On July 12, 2019, Plaintiffs filed suit against Defendant under ERISA Sections 502(g)(2) and 515, 29 U.S.C. §§ 1132(g)(2) and 1145, and LMRA Section 301(a), 29 U.S.C. § 185(a), to collect delinquent contributions and dues they claimed Defendant owes to the Plaintiffs under the terms of the collective bargaining agreement with Plaintiff Local 26 to which Defendant is bound. ECF No. 1. Plaintiffs filed their Motion for Summary Judgment on January 17, 2020. ECF No. 13. Defendant filed its Opposition on February 20, 2020. ECF No. 14. Plaintiffs filed their Reply Memorandum on April 16, 2020. ECF No. 18.


Summary judgment is appropriate if "materials in the record, including depositions, documents, electronically stored information, affidavits or declarations, stipulations, . . . admissions, interrogatory answers, or other materials," Fed. R. Civ. P. 56(c), show that there is "no genuine dispute as to any material fact and the movant is entitled to judgment as a matter of law," Fed. R. Civ. P. 56(a). The party moving for summary judgment bears the burden of demonstrating that no genuine dispute exists as to material facts. Pulliam Inv. Co. v. Cameo Props., 810 F.2d 1282, 1286 (4th Cir. 1987). If the moving party demonstrates that there is no evidence to support the nonmoving party's case, the burden shifts to the nonmoving party toidentify specific facts showing that there is a genuine issue for trial. See Celotex Corp. v. Catrett, 477 U.S. 317, 322-23 (1986).

A material fact is one that "might affect the outcome of the suit under the governing law." Spriggs v. Diamond Auto Glass, 242 F.3d 179, 183 (4th Cir. 2001) (quoting Anderson v. Liberty Lobby, Inc., 477 U.S. 242, 248 (1986)). A dispute of material fact is only genuine if sufficient evidence favoring the nonmoving party exists for the trier of fact to return a verdict for that party. Anderson, 477 U.S. at 248. However, the nonmoving party "cannot create a genuine issue of material fact through mere speculation or the building of one inference upon another." Beale v. Hardy, 769 F.2d 213, 214 (4th Cir. 1986). When ruling on a motion for summary judgment, "[t]he evidence of the non-movant is to be believed, and all justifiable inferences are to be drawn in his favor." Anderson, 477 U.S. at 255. Hearsay statements or conclusory statements with no evidentiary basis cannot support or defeat a motion for summary judgment. See Greensboro Prof'l Firefighters Ass'n, Local 3157 v. City of Greensboro, 64 F.3d 962, 967 (4th Cir. 1995).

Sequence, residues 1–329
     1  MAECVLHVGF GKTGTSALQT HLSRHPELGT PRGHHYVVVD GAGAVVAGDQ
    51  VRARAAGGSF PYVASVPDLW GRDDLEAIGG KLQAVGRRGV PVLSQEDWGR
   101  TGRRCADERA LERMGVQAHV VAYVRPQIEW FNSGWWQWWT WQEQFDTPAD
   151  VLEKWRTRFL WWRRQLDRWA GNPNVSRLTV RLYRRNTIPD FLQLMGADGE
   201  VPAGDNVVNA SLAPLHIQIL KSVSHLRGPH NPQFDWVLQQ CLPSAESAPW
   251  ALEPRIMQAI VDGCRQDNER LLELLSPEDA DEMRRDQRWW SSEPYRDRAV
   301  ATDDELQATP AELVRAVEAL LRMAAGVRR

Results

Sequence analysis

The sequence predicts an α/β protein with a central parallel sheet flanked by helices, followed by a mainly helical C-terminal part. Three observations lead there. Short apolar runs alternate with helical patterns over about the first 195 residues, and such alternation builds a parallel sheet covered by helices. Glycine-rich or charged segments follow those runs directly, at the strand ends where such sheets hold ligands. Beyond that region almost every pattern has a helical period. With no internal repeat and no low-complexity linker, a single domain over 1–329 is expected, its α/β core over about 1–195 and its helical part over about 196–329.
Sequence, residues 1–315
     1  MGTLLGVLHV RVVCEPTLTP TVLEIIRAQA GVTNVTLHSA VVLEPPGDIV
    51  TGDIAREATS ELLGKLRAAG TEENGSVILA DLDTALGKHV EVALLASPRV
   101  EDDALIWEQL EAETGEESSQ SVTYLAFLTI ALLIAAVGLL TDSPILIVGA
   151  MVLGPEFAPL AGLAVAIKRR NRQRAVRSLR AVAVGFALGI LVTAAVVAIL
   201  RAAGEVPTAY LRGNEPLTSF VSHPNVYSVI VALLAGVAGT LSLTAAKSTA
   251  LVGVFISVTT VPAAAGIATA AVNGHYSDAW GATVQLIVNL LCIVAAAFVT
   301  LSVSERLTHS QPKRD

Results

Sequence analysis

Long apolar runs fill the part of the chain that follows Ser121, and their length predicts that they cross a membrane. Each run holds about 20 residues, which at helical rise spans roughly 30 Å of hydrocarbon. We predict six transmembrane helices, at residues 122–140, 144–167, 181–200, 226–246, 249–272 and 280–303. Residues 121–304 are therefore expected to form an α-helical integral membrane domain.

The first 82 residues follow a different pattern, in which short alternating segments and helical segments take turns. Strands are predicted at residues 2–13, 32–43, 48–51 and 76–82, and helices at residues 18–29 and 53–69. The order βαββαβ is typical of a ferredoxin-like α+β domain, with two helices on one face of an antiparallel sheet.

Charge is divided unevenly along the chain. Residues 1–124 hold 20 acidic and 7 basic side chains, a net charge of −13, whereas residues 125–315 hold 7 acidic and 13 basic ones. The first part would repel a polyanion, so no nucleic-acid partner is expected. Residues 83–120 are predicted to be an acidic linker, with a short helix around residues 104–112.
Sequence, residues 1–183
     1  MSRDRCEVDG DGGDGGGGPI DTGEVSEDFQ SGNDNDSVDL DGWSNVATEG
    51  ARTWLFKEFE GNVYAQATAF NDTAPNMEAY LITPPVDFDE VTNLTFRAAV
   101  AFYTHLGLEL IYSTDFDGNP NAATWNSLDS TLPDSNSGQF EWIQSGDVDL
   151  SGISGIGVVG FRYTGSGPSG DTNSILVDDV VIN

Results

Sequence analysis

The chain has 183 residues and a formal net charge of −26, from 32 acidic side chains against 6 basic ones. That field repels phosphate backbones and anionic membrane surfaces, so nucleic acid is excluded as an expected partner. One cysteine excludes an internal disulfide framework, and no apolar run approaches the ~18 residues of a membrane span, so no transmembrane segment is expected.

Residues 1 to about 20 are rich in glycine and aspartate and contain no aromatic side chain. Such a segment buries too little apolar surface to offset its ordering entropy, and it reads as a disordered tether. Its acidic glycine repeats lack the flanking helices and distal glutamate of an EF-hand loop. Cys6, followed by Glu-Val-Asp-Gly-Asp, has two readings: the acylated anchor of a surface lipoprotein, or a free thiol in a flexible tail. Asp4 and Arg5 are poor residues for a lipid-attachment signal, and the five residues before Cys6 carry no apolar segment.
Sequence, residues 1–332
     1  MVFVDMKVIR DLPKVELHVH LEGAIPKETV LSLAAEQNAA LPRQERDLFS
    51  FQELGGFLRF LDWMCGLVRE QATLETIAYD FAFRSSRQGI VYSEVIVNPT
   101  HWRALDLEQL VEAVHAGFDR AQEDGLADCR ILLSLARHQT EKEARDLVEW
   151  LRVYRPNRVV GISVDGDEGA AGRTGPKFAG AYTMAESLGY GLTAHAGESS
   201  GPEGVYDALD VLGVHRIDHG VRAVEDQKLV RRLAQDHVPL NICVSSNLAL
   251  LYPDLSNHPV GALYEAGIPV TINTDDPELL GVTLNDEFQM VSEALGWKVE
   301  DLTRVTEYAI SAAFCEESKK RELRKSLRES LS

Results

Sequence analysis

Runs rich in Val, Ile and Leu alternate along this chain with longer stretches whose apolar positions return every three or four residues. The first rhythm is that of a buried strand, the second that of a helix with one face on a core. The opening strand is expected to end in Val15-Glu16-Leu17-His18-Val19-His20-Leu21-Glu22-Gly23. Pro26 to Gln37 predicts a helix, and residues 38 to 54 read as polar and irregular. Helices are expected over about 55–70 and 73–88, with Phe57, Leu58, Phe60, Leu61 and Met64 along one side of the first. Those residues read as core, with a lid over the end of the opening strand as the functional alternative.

The Court is not prohibited from granting a motion for summary judgment before the commencement of discovery. See Fed. R. Civ. P. 56(a) (stating that the court "shall grant summary judgment if the movant shows that there is no genuine dispute as to any material fact" without distinguishing pre-or post-discovery). However, summary judgment should not be granted if the nonmoving party has not had the opportunity to discover information that is essential to his opposition to the motion. See Anderson, 477 U.S. at 250 n.5. Under Rule 56(d), the Court may deny a motion for summary judgment if the non-movant shows that, for specified reasons, he or she cannot properly present facts, currently unavailable to him or her, that are essential to justify an opposition. Fed. R. Civ. Pro. 56(d). However, a party generally...